As we develop, we make too many cells. These extraneous cells are eliminated by an orderly processes of cell death (apoptosis) and cell engulfment (efferocytosis) to ensure proper development. These processes are also important in adults for maintaining a proper homeostatic balance in the body. Errors in these signaling pathways can result in the progression of cancer and auto-immune diseases. My research investigates the molecular mechanisms that ensure the proper elimination of effete and dying cells. In particular, we are interested in the link between apoptosis and efferocytosis – how do cells that are triggered to die signal that they need to be eliminated by phagocytosis? While some of these cues have been discovered, our understanding of this process if far from complete. To this end we are using a novel, genetically-encoded, cell engulfment reporter to identify the genes required for the proper phagocytosis of apoptotic cells. We use the fruitfly Drosophila melanogaster as our model system for these studies on account of its high degree of conservation of gene function with humans, the large array of molecular-genetic, biochemical, and imaging tools available in vivo and in vitro, and the ability to easily observe developmental phenomenon in the living, intact animal.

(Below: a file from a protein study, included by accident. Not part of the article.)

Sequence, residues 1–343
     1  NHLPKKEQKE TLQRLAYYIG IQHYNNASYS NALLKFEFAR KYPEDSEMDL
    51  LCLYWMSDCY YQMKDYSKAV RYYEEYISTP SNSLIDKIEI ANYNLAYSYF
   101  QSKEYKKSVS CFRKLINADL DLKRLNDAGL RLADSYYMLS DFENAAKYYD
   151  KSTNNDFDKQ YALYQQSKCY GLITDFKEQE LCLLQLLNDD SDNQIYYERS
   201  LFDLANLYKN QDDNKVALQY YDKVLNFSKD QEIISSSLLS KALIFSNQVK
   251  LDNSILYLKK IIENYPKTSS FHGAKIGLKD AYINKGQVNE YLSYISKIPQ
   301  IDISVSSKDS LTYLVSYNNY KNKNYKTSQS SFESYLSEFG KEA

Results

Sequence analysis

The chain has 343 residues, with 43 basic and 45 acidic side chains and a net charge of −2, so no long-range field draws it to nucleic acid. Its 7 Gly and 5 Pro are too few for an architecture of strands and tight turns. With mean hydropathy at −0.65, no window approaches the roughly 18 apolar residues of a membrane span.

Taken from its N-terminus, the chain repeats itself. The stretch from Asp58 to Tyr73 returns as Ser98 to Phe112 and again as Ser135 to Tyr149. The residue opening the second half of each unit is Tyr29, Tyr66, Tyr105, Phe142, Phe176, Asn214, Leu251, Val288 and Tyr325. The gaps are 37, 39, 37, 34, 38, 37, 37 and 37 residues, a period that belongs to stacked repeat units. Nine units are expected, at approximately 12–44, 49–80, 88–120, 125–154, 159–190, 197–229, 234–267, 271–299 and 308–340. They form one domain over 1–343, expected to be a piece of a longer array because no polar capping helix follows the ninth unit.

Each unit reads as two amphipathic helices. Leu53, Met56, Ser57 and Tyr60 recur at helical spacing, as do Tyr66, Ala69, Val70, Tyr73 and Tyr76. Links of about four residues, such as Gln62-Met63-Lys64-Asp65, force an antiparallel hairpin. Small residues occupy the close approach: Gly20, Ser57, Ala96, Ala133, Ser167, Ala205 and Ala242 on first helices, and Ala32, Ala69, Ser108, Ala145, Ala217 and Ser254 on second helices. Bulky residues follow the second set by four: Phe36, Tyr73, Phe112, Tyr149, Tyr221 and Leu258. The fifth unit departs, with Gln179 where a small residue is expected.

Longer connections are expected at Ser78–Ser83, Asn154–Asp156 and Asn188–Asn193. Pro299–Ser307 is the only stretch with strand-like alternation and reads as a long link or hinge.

Hsp27 phosphorylation, oligomerization, localization, structure, and function
In a related project, we have also been investigating the molecular mechanisms of Hsp27, which is a ubiquitous small heat shock protein that is conserved across species. Hsp27 can function in an anti-apoptotic capacity that spares doomed cells from being eliminated and thus contributing to the disease state, though its precise mechanism of action is muddied by its complex regulation via changes in expression, localization, phosphorylation, and oligomerization. We have undertaken computational and experimental studies to better understand how this key, multifunctional protein is regulated in response to stress and other cellular insults.